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Editorials

  • Tell FERC what you think

    Editor’s note: This editorial was published recently in The Advocate-Messenger in Danville. It’s being reprinted with permission through the Kentucky Press News Service.

  • Times are changing

    Change is inevitable.
    Change can be difficult.
    Change can also be a very good thing.
    But, there is a certain comfort in keeping things the same. It’s a paradox, really. Many are resistant to change, but change is the only way we can grow, the only way we can advance.
    And there is one inevitable truth: change happens whether we want it to or not.
    Take Marion County Public Schools, for instance.

  • Grand ham slam

    “It’s essential to keep an open mind, and to be willing – better yet, eager – to try new things.” - Michael Abrash

    Trying new things can be challenging, and darn near impossible for some people who dislike change. But, often times, it’s very much worth it.
    Such is the case with this year’s Marion County Country Ham Days Festival.

  • Commisson must follow open meetings law

    The Lebanon Tourist and Convention Commission are supposed to be the fun people in government. Lately, that hasn’t been the case.
    Two of the last three meetings were plagued by closed sessions, talks of discipline or removal of Executive Director Nena Olivier, and personnel decisions were discussed when the public had the right to know what was going on.

  • Give the gift of life

    Imagine waking up this morning and finding out that you need a life-saving organ to survive.
    You, a family member or a friend might be living that reality today.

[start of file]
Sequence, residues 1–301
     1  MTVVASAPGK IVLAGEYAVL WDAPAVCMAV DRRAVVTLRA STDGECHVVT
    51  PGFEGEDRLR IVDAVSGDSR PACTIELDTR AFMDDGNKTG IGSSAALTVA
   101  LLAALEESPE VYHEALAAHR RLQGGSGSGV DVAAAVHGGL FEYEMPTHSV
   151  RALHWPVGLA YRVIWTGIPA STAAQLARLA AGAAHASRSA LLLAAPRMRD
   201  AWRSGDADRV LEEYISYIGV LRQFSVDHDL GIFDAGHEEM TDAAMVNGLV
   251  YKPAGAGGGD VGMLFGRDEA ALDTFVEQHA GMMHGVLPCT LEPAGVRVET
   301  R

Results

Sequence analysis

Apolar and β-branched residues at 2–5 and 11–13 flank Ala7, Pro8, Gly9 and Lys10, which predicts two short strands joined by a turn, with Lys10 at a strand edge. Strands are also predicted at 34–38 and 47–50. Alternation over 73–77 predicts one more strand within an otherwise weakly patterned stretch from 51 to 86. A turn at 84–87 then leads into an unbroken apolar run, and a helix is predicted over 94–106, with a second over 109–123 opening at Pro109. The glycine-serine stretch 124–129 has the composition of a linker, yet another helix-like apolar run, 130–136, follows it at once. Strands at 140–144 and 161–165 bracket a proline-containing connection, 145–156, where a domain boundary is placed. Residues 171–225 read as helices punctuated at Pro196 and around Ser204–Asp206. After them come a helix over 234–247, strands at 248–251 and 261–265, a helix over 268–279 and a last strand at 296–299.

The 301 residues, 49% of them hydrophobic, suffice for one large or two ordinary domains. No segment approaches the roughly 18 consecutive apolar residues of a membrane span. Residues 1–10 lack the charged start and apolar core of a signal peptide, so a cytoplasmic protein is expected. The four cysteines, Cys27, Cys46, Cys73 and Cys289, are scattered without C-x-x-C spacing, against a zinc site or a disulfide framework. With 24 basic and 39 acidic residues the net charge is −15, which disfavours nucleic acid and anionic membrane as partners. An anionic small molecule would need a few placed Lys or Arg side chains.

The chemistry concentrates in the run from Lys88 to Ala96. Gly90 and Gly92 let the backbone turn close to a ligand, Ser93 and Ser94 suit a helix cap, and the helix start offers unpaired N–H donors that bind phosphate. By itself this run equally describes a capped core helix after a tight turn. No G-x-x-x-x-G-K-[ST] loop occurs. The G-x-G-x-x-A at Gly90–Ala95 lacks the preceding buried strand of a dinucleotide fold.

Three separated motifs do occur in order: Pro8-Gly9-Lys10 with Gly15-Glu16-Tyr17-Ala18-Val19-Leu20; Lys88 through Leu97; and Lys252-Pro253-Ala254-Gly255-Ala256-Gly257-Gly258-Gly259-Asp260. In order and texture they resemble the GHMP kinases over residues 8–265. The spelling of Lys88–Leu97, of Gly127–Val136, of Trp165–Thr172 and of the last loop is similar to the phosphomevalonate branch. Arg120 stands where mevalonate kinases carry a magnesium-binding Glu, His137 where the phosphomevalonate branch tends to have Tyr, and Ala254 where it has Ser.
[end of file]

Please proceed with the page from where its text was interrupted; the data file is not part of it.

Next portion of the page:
Or, you might find out tomorrow that you need a new kidney.
    Or, a week from now your doctor could tell you that your child needs a new heart, your mother needs new lungs or your father needs a new liver to survive.
    Can you imagine?
    More than 1,000 adults and children in Kentucky are living that reality right now. They are waiting for a life-saving transplant this very second.

  • Don’t sign the petition

    It's time to call a spade a spade.
    In last week’s edition, we published a story about a committee that has formed to petition to recall the nickel tax.
    Four of the five Marion Countians on the committee also petitioned to put the nickel tax to a vote in 2007. Randall Lawson, Richie Lee, Robby Shewmaker and Robert Darrell Shewmaker were involved in a similar effort then, and they were successful in their efforts. The nickel tax was put on the ballot in November of 2008, and was recalled. (This time, Joe Livers has joined the committee.)

  • What if it were you?

    Imagine for a moment that you have just been released from jail. You’re carrying a plastic bag with a change of underwear, socks and a toothbrush. Your pockets are empty. Your wallet would be, too, if you owned one. You have no family. The friends you have are still doing drugs. You know if you go to them you will be tempted by your previous addiction. But you’ve changed. You’re trying to better yourself. You don’t want to fall back into those old habits.  

  • Guest editorial: Awash in guns, fear, we’re less safe

    By the Lexington Herald-Leader

    Pro-gun rhetoric plays on our deepest fears.
    “The only way to stop a bad guy with a gun is a good guy with a gun.”
    That presents a simple world of good versus bad, each self-evident, where you hope the good guy has a gun and is the better shot.

  • Kentucky budget deadline obligation of the job

    By The Kentucky New Era Editorial Board

    It’s a rare job that would pay someone to work extra days if they failed to meet a deadline that was agreed upon well in advance. But that’s the deal for members of the Kentucky General Assembly if they don’t reach an agreement soon on the state’s 2016-18 budget. They would come back for a special session called by the governor to finish their work — and do it at the expense of taxpayers.

  • HB40 will offer some a fresh start

    By The Kentucky Standard Editorial Board

    It took many years to test the waters of opening juvenile court proceedings with Kentucky legislators, but, finally, many agree that passing Senate Bill 40 is the first step in the right direction.
    While SB40 doesn’t open all juvenile court proceedings in all Kentucky courtrooms, it is allowing, for the first time, a creation of a small number of pilot sites in Kentucky courts that will open child abuse and neglect proceedings.